Expansive Clays & Soft Soils
What is expansive clay?
Expansive clay soils (also known as heavy clay or fat clay soil) are soft-textured soils containing minerals that undergo considerable volumetric changes during seasonal moisture fluctuations. They absorb water and expand (swell), as much as ten percent or more when wet, and crack (shrink) when dry. In addition, the water content in expansive clay soils can freeze, compounding the swelling problem with frost heave issues. This cyclical or seasonal change in volume results in shear stresses causing significant lateral and vertical pressures which slowly lead to cracking and buckling of roads and structures built over such soils. Damages and repairs from expansive clays cost billions of dollars every year. Cracked foundations, floors, basement walls, sidewalks, driveways, and patios are all typical types of damage caused by swelling soils. It can also compromise underground infrastructure, cause building foundation problems and ruptured pipe lines.
Other soft soils
Widely found in our northern climate, Muskeg, sometimes referred to as Peat Bog, is a colloquial term applied to soils rich in peat moss that habitually absorb large amounts of moisture. The result is an extremely soft, swamp-like area that can reach several metres in depth. The low surface tension of muskeg means that an average person standing on it will sink anywhere from a few inches to potentially their full height. It is therefore extremely hazardous and nearly impossible to traverse or build over. While muskeg is not considered frost susceptible, its high water content may allow the upper depths to freeze while still harboring liquid moisture below.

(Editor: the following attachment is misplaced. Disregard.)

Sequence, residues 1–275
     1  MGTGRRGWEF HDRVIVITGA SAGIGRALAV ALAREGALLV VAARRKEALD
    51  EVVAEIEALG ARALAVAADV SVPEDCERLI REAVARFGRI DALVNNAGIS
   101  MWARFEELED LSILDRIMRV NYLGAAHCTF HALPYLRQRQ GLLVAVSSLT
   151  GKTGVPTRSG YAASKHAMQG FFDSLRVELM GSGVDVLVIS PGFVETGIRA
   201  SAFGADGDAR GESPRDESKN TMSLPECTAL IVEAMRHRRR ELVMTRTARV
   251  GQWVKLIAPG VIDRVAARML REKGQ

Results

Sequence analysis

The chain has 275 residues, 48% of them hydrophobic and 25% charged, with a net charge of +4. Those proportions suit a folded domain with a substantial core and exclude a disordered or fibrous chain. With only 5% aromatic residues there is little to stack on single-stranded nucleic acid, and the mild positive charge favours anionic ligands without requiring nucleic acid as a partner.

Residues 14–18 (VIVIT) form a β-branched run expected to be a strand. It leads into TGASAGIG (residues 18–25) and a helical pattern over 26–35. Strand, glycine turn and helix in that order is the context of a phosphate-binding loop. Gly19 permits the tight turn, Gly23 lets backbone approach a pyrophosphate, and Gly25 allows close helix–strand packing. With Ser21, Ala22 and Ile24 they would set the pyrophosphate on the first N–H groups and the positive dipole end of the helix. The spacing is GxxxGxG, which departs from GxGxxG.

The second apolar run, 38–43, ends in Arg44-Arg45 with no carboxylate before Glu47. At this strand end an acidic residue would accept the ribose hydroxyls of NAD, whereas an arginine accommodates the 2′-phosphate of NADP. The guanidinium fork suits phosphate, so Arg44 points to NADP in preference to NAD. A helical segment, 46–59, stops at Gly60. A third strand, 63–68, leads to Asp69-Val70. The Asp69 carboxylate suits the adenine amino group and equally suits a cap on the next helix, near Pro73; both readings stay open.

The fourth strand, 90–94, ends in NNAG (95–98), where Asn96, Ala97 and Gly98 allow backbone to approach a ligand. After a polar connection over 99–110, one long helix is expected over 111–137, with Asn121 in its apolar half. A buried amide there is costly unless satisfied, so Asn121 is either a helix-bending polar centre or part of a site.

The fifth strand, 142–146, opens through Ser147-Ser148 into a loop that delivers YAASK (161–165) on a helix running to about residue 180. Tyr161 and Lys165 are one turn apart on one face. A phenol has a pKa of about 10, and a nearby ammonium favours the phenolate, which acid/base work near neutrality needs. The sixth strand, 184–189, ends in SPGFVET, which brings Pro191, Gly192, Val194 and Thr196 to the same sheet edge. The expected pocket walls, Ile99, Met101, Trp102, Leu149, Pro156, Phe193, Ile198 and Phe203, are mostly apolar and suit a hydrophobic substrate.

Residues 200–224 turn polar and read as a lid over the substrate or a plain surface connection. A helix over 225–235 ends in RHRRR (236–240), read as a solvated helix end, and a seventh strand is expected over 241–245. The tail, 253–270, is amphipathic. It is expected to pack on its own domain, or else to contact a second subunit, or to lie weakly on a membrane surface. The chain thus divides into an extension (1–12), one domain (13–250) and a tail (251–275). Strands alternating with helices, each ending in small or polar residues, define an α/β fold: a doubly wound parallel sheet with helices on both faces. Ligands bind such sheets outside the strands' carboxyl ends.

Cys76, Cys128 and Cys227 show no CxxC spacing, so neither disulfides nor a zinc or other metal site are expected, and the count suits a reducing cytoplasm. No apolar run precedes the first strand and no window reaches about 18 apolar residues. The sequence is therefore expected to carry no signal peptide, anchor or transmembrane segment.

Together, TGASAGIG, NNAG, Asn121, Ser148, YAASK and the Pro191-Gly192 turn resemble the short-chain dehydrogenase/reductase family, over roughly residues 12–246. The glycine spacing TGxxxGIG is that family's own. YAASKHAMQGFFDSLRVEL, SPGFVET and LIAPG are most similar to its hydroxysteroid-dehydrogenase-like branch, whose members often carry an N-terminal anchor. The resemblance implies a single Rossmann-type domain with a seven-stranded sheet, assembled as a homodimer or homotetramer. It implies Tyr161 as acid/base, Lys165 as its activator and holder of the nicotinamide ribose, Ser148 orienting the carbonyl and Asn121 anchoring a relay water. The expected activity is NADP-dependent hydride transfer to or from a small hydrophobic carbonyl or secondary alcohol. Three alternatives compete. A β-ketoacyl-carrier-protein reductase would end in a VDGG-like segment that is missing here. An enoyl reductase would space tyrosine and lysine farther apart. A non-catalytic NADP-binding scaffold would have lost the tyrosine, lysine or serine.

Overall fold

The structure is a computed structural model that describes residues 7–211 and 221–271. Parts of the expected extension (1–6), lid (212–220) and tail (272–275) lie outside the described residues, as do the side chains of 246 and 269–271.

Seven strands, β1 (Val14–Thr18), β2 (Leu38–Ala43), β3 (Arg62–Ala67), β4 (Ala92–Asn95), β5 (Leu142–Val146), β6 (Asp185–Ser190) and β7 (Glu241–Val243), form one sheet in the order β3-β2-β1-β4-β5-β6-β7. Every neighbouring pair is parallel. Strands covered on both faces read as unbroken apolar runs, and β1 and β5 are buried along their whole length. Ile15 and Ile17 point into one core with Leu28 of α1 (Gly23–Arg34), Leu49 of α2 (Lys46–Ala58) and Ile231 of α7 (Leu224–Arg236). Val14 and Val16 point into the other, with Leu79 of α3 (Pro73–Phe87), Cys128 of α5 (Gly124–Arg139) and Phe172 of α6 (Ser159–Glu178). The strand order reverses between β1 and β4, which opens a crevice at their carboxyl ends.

The solution to building on problematic foundation soils
Mitigation of the effects of expansive clay on structures built in areas containing expansive clays and soft soils is a major challenge in geotechnical engineering. Sub-zero temperatures will freeze expansive clays and bogs, preventing construction in the winter, while melting runoff, heavy summer rains combined with poor drainage impede construction in the summer. The traditional solution is to excavate and remove the undesirable soil, and replace it with high quality aggregate fill. This method is time-consuming and expensive, particularly if suitable aggregate is not readily available and must be imported. In addition, the depth of the problematic soil will require the equivalent volume of replacement aggregate. The root problem of course, is the resident moisture which will continue to infiltrate the area over time.
However, it is possible to build successfully and safely on expansive soils if moisture content can be reduced and stabilized against rapid fluctuation. With the use of NPA geocells, Stratum Logics are the experts in designing structures that conquer expansive clay conditions and other soft subgrades with swelling potential. Our specialty is building on weak or impassable soils like muskeg, saturated soils and expansive clays. Our expertise is also uniquely applied to projects affected by extreme cold temperatures that must contend with frost heave and cyclical freeze-thaw stresses.